Wednesday, June 15, 2011

I Had Forgotten

Becoming one with nature in Los Angeles is difficult. You can fight the traffic all the way to Griffith Park and go hiking. You can drive up and down the Pacific Coast Highway, find a treasured spot to parallel park and walk along the beach. In both of these instances, you will enjoy nature along with 7.5 million other people who are breathing the same mixture of pollutants, nitrogen, and oxygen as you are. If you really want to rise above the pollution and the population, you must drive for at least 2 hours into the mountains. (This estimated time does not account for traffic).

I had forgotten how easy it is to enjoy fresh air and glorious views in Utah. This weekend I took a scenic drive into Provo canyon. We crossed over the nearly overflowing Provo River and passed a couple crowded parks. We pulled into Big Springs Park to find this view.
The higher peaks are still snow capped providing Utahans with that pesky fear of flooding and me with a beautiful vista.
The relatively abundant moisture makes the plant life unusually lush.
Although, we picnicked far from the water, the rapids provided the soundtrack for our evening.
I think I could tolerate these views on a long term basis.

Tuesday, June 7, 2011

Happy Early Birthday to Me!

I learned a few things on my mission. I learned that ALL Dutch people love windmills and Delft blue pottery. I am, of course, not exaggerating. I also learned to love tea. As a result I love teapots. My friend/mission companion/maid-of-honor/former roommate found this for me.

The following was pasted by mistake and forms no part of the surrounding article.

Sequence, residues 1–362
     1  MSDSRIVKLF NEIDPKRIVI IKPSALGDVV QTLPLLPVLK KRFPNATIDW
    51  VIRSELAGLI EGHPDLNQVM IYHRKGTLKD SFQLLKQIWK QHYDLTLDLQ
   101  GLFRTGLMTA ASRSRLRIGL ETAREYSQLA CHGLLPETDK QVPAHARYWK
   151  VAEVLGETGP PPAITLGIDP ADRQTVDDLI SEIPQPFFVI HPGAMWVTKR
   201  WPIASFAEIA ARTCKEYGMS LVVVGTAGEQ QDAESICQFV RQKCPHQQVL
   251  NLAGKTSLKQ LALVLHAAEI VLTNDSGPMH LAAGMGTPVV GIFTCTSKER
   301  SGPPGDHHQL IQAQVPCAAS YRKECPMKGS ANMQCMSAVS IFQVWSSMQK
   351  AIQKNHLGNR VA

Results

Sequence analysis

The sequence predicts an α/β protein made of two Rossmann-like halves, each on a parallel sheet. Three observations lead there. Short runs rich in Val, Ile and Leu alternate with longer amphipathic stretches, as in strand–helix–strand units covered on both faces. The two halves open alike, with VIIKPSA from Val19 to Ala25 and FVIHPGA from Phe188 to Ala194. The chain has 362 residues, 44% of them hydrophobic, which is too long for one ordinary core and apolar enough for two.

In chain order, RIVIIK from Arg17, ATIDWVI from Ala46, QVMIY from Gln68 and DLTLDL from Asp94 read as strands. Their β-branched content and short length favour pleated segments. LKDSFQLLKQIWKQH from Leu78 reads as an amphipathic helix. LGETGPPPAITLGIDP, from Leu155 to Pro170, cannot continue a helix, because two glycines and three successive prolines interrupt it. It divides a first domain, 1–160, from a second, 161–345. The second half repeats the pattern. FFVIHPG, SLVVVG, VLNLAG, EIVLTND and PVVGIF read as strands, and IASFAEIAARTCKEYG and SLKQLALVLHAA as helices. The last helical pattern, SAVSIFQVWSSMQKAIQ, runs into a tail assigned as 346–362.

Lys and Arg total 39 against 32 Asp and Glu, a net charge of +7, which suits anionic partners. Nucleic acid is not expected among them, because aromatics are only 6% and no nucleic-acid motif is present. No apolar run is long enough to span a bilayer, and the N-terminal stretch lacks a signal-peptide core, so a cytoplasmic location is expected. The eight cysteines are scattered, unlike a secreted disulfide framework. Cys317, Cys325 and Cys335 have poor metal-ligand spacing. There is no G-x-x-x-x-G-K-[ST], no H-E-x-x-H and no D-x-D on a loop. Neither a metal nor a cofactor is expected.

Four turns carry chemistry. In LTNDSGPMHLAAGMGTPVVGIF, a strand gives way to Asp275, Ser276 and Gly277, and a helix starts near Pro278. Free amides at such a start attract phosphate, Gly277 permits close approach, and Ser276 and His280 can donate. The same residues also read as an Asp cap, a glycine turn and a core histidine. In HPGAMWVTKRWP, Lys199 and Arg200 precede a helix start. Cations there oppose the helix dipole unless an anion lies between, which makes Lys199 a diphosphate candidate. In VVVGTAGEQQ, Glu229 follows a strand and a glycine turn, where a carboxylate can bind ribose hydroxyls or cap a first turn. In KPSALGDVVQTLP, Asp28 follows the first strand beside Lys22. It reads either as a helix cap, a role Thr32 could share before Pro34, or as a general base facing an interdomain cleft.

It is actually a clever salt and pepper shaker. Isn't it adorable?
It utterly and completely fulfills my need to surround myself in Dutchness.

Wednesday, June 1, 2011

Do I Work Too Much?

On Saturday, I was walking back to work from my lunch break and standing at the corner of a very busy street waiting to cross. I knew it was going to be a minute so I moved into the shade. A moment later, two boys and their mother approached carrying McDonald's food. The boys were typically developing young children and as such were kicking each other.

Trying to escape, his older brother, the smaller one moved closer to me. He was probably five, but seemed very small on that very busy street corner. He had a round face, round glasses, and his hair was cut to look like a bowl. He stared up at me in almost amazement. This was our conversation.

Boy: Do I know you?
Me: Do you go to the library? I work there.
Boy: I go to the library all the time!
Me: Well, then you know me.
Boy: Mom, look! There's the lady that lives at the library?